Building shell /building envelope

A building shell is the separation between the interior and the exterior environments of a building. The building shell includes the roof, the walls, the doors and the windows, as well as the bottom slab and encloses thereby the heated or air-conditioned space volume.

Floor area Floor area gross

Total floor area of all floors of a building calculated with the external dimensions of the building including structures, partitions, corridors and stairs.

Floor area net

Sum of all areas between the vertical building components (walls, partitions), i.e. gross floor area reduced by the area for structural components.

Floor area usable

The fraction of the net floor area for the intended use of the building, i.e. net floor area reduced by circulation areas (corridors, stairs etc.) and Floor area usable The fraction of the net floor area for the intended use of the building, i.e. net floor area reduced by circulation areas (corridors, stairs etc.) and functional areas (WCs, storage rooms etc.).

Thermal bridge

An area in the building envelope which has a higher heat flow than the surrounding is called a thermal bridge. A classic thermal bridge is the overhanging balcony plate, leading through an insulated outer wall. Typical effects of thermal bridges are: decreased interior surface temperatures; in the worst cases this can result in high humidity in parts of the construction; significantly increased heat losses.

Air tightness of buildings

Airtight building is a building in which no air can get in or out through any kind of leakage. The air tightness of a building is a useful knowledge when trying to increase energy efficiency. If the building envelope is not airtight enough, significant amounts of energy may be lost due to exfiltrating air, or damage to structural elements may occur due to condensation. To ensure the necessary air-change rates, it has to be ventilated manually (by opening the windows) or by an air ventilation system.

Energy balance of a building

Energy balance of a building refers to the sum of the heat losses (e.g., heat going out through the roofs, external walls and windows) being equal to the sum of the heat gains (e.g., passive solar gains, internal gains and active heating).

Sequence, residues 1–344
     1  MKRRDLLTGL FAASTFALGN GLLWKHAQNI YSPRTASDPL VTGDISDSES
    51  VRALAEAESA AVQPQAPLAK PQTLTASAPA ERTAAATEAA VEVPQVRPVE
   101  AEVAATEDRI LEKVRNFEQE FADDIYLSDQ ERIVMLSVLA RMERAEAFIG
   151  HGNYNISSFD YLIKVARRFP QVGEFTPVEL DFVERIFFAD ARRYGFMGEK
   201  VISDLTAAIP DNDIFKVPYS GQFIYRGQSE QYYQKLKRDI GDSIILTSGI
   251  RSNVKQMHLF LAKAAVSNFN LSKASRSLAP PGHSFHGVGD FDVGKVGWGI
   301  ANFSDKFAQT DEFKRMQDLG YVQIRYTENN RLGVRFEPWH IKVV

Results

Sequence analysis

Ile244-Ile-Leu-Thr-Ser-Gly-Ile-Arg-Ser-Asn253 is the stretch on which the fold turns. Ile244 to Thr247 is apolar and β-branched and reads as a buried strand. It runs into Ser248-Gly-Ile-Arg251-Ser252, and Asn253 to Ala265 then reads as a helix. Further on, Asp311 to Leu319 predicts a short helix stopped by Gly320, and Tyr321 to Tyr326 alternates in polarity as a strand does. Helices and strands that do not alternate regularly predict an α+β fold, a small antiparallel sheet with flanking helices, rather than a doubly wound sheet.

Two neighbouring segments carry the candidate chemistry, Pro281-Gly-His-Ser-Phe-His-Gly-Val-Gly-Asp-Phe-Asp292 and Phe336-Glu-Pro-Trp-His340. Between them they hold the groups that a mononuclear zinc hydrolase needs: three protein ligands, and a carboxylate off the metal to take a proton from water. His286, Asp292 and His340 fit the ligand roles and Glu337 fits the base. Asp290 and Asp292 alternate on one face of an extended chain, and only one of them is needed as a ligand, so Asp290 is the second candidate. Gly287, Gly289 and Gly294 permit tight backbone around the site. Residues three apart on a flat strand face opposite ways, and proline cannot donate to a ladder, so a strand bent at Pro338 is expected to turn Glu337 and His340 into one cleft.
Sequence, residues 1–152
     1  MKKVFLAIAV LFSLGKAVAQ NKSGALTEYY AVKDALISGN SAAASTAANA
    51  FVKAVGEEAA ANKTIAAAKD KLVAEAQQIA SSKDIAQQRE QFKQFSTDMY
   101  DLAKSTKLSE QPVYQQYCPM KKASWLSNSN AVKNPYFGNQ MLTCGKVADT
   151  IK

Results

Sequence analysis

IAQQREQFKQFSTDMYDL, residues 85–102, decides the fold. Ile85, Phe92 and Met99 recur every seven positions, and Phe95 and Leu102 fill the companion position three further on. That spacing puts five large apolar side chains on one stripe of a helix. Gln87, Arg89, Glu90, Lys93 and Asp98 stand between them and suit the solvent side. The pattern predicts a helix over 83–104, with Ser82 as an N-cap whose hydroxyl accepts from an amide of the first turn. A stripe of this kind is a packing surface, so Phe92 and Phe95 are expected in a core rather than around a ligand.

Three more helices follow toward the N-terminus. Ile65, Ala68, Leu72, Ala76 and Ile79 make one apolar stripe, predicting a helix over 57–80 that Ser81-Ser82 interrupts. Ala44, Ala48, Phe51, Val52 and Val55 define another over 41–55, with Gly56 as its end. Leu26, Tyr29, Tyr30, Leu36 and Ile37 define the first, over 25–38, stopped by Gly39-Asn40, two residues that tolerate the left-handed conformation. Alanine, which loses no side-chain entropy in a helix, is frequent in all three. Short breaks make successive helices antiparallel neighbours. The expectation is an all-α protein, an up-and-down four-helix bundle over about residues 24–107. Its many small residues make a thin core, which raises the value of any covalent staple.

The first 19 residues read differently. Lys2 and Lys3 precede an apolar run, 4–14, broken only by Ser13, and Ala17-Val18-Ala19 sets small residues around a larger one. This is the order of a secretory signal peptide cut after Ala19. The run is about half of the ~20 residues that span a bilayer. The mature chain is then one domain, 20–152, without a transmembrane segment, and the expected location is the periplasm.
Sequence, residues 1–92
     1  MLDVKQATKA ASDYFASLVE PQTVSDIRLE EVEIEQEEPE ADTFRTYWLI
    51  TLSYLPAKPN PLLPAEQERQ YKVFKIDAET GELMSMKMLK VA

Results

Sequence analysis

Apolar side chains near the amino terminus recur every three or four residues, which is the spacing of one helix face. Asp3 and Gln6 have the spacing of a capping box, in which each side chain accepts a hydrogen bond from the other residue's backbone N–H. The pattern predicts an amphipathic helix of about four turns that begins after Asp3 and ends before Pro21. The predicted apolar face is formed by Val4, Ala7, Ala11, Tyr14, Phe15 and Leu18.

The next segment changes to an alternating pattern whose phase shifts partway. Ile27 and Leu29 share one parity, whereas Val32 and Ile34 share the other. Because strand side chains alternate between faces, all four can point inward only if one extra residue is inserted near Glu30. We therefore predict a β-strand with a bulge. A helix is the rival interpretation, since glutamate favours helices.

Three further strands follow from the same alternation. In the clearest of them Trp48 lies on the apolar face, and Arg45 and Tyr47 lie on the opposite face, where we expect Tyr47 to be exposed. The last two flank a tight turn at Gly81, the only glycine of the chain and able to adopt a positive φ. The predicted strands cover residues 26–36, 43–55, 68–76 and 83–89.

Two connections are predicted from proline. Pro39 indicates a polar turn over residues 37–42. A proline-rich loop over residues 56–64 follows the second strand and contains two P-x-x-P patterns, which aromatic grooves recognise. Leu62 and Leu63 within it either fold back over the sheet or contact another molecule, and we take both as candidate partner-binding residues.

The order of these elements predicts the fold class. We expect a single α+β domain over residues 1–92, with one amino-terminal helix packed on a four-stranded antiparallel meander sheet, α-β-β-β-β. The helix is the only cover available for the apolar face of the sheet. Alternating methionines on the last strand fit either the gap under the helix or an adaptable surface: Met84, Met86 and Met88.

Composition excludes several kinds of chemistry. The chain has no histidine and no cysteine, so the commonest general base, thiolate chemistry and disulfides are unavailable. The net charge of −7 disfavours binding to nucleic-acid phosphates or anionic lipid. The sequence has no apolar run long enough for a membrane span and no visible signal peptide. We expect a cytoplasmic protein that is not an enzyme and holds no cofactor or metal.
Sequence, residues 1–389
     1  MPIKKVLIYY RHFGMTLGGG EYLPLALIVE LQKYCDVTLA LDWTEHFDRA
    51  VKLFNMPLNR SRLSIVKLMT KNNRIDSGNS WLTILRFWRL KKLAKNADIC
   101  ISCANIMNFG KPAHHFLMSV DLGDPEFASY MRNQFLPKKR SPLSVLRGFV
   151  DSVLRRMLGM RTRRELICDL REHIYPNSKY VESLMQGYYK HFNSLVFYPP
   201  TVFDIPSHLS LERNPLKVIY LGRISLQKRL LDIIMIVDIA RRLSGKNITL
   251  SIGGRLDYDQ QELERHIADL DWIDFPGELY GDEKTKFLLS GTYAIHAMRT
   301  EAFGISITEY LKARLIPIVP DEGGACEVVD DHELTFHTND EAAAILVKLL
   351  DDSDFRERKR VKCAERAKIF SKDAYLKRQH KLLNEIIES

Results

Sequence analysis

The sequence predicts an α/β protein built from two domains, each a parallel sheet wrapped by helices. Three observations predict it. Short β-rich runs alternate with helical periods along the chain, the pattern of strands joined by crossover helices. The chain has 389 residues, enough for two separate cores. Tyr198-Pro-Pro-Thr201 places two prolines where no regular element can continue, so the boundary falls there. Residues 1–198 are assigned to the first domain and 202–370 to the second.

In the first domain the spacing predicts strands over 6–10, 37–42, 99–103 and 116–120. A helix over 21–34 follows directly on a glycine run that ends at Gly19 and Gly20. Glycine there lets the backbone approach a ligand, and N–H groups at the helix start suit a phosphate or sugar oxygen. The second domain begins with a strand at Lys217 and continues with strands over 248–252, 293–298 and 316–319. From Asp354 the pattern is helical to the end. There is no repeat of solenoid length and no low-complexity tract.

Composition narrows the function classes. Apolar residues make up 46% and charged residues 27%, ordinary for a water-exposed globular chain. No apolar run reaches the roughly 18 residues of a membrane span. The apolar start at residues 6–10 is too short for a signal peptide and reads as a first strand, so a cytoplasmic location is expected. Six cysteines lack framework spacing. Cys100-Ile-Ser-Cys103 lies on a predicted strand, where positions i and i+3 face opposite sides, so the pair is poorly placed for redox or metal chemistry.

Heat transmission coefficient (thermal transmittance) of a structure, describes the heat flow through a building element in W per m2 and temperature difference of one kelvin (K). SI-Unit: [W/(m2K)]. The higher the value the lower its thermal resistance and therefore the more heat/energy pass through the element. Examples of U-values depending of material
thickness (λ=0,040 W/(mK)):
· 10cm: U = 0,4 W/(m²K)
· 20cm: U = 0,2 W/(m²K)
· 40cm: U = 0,1 W/(m²K)
U-value is equal to the inverse of the sum of the R-values (thermal resistance) of the construction. SI-Unit: [(m²K)/W].

Double/triple glazing

Windows made by glazing with two or three glass panes. The inter-space between the panes is filled with gas in order to reduce the transmissions of energy. To reduce the solar radiation, the surface of one or more panes is
coated. Typical values are:
· 2-panes-glazing: Ug = 2,8-3,0 W/(m²K)
· 2-panes-heat protection glazing: Ug = 1,1-1,3 W/(m²K)
· 3-panes-heat protection glazing: Ug = 0,6-0,8 W/(m²K)

Energy production

Primary energy

Energy that has not been subjected to any conversion or transformation process. Primary energy includes non-renewable energy and renewable energy. If both are taken into account it can be called total primary energy. Co-generation Simultaneous conversion of primary fuels into thermal energy and electrical energy, meeting certain quality criteria of energy efficiency. Also known as combined heat and power (CHP).

White certificate

A document certifying a certain reduction of energy consumption, which has been attained by companies (energy producers, suppliers or distributors) in the energy market. In most applications, the white certificates are tradable.
Corresponding to the closely related concept of “emission trading”, it should guarantee, that the overall energy saving target is achieved. The system of the “white certificates” has to be set up and controlled by government bodies.

Sustainable approach

Holistic planning

A process, which tries to integrate a lot of different factors into the planning of urban & environmental areas. The importance is drawn on all affecting factors, like: all involved parties and their needs, the expertise of the designers, cost effectiveness over the entire life-cycle of the building, security, accessibility, flexibility, aesthetic and sustainability, the location of the property and used building materials.

Green public procurement

Green public procurement means that contracting authorities and entities take environmental issues into account when tendering for goods or services with tax payers money in order to reduce the impact of the procurement on human health and the environment. Examples - energy efficient computers and buildings, environmentally friendly
public transport, recyclable paper, organic food in canteens, electric cars, office equipment made of environmentally sustainable timber, electricity stemming from renewable energy sources, air conditioning systems
complying with state-of-the-art environmental solutions.

Women's journal ReLady